Support appears to be strong for statewide medical marijuana in half a dozen states this year. The Vermont legislature just passed a medical marijuana law. Two more are pending in the Rhode Island and New York state legislatures. According to Kampia, a medical marijuana bill will soon be introduced in the Michigan state legislature. Statewide medical marijuana ballot initiatives in Arkansas and Montana will be voted on in November.

    DPA Executive Director Ethan Nadelmann points out that while about 80 percent of Americans are comfortable with medical marijuana, only 30 percent to 50 percent now support broader legalization. He notes that state-wide initiatives are expensive and says he is hesitant to support them until polling indicates that they have a clear majority of voters behind them.

    A statewide initiative to regulate and tax adult recreational use of marijuana is on the ballot in Alaska this year, and Nevada is struggling to place a major initiative on its ballot, despite a setback in the signature-gathering. Some 6,000 signatures were lost in Clark County and did not make the submission deadline. The Committee for the Regulation and Control of Marijuana submitted 35,000 signatures; 31,360 are required to qualify, but the verification process often discounts about 30 percent.

    In 2002, a similar initiative in Nevada lost by 22 percentage points after heavy opposition by the Office of National Drug Control Policy, a massive get-out-the-vote effort by Republicans and several highly publicized deaths attributed to marijuana use. Kampia believes that if the initiative gets on the ballot, the high voter turnout expected in the November election will bring out enough supportive Nevada voters to carry this year's measure. The Nevada initiative removes the threat of arrest and jail for those 21 and over who possess up to one ounce of marijuana. It also also requires the state legislature to establish a privately run system to grow, sell and tax cannabis. Like Oakland, the Nevada initiative emphasizes lowering teen access through marijuana regulation and points out that 28% of Dutch teens have smoked grass (where it is legal) compared to 67% in Nevada.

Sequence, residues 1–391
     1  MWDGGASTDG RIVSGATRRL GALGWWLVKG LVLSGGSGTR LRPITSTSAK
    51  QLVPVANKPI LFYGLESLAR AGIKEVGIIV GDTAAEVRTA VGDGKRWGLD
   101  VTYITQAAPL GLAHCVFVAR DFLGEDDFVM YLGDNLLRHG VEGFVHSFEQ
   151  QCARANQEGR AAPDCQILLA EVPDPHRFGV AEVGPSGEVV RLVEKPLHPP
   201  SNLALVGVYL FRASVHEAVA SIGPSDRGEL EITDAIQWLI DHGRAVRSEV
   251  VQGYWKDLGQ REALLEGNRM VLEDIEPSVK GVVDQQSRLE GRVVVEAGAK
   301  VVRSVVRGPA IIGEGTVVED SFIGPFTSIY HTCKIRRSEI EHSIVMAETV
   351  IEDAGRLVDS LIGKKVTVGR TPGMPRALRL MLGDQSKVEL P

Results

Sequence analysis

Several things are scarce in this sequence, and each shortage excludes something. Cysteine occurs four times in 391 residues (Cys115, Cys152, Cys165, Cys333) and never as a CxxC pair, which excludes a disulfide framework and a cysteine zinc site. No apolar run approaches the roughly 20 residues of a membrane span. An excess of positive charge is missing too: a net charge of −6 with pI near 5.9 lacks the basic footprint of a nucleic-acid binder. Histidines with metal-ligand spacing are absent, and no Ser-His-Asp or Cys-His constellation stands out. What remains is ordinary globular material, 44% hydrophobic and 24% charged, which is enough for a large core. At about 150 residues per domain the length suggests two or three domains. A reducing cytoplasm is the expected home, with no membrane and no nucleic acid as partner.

But Nadelmann cautions activists not to underestimate the resistance to drug reform measures. "We have an incredibly committed, emotional and in some respects fanatical opposition willing to do virtually whatever it can to block this," he says.

    Oakland Confronts the Opposition

    Some of the ongoing turmoil in Oakland illustrates the opposition against drug law reform. Two Oakland city counselors backed the Oakland Cannabis Initiative, and campaigners say their polls show 71 percent of likely voters support it. But Mayor Jerry Brown, who is running for California State Attorney General, has remained conspicuously silent and declined to comment for this story. According to his spokeswoman, the mayor is still studying the initiative. But Brown has been spotted enjoying a drink at at a trendy new bar in Oakland's "Oaksterdam" district, which has been revitalized by a cluster of medical marijuana clubs that the city has largely shut down. The Oakland City Council decided to license only four of the clubs citywide and went further this month, closing all but three of the city's ten or so thriving medical cannabis dispensaries.

    Richard Lee, owner of two Oakland medical cannabis clubs, said the city felt that Oaksterdam was colliding with other development plans. But he points out that the medical cannabis clubs brought in $70 million dollars per year in gross revenue and attracted diners and shoppers that developers find attractive. Lee is optimistic that the city will eventually license more clubs, including those for non-medical cannabis users. "What we hope is that by allowing more clubs, not less, they will eliminate problems and at the same time generate revenue for the city and attract tourism," says Lee who supported the Oakland Cannabis Initiative.

    "We want to tax cannabis and get it off the streets," says initiative field director Kim Swinford, who estimates that the marijuana trade in California is a $2-billion-a-year business. "We want the city to put the money into services like schools and libraries and youth programs which are way underfunded. Our schools are the worst."